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Editorial
Monitoring side effects of antiepileptic drugs
  1. Chris Thomson, BVSc, PhD, DACVIM (Neurol), DipECVN
  1. Massey University, Comparative Physiology and Anatomy, Private Bag 11 222, Palmerston North, New Zealand
  1. e-mail: chris.thomson{at}vets.org.nz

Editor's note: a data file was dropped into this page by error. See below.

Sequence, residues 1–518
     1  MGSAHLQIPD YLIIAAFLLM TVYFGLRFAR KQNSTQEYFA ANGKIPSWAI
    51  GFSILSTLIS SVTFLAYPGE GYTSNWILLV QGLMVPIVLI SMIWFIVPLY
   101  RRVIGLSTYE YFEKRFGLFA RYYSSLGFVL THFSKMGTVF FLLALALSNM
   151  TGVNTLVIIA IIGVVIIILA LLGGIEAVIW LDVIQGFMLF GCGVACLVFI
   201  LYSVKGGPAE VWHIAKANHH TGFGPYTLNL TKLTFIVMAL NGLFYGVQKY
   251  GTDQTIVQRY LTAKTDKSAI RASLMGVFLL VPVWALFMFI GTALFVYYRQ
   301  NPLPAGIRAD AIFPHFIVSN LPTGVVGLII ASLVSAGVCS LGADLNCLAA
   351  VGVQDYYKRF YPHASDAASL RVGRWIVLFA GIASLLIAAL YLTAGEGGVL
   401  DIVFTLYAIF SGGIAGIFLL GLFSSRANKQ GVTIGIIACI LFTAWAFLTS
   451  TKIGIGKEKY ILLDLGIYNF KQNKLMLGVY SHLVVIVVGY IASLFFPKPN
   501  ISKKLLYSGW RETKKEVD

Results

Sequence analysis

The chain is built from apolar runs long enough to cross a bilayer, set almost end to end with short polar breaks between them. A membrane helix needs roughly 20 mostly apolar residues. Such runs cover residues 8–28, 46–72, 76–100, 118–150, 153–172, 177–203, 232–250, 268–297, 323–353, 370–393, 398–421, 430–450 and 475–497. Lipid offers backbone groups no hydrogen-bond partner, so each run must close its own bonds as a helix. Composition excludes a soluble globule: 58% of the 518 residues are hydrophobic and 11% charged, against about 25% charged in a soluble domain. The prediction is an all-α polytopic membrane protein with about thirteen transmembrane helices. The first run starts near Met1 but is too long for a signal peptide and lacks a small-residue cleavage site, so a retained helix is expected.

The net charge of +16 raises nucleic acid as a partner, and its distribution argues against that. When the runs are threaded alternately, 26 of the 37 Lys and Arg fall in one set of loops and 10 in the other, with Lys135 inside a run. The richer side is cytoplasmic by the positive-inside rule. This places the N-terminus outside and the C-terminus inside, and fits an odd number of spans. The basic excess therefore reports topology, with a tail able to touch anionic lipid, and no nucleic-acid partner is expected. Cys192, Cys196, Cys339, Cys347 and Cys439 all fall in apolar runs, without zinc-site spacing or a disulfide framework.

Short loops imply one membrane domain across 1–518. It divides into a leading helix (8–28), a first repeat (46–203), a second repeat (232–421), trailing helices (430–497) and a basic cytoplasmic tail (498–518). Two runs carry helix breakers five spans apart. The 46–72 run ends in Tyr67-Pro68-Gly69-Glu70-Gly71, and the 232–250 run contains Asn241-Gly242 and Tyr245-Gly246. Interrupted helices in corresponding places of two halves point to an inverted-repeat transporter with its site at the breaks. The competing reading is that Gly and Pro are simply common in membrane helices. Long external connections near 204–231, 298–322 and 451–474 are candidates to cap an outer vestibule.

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EPILEPTIC seizures are considered to be the most common neurological problem in dogs (Podell 1996, March 1998). Epilepsy is defined as recurring seizures of neurological origin. Seizures most commonly arise due to primary factors (genetic or idiopathic), but may also be secondary due to either intracranial or structural brain changes (tumour or inflammation) or to extracranial diseases (toxic or metabolic diseases) that secondarily affect the brain. Antiepileptic drugs (AED) are used as the mainstay of treatment for primary seizures and as symptomatic treatment for secondary seizures. There are several effective AEDs for dogs, yet even with optimal use only about 60 to 80 per cent of dogs respond adequately to treatment, as characterised by reduced frequency and duration of seizures, and by having acceptable side effects (Podell 2013b). The basis for, and …

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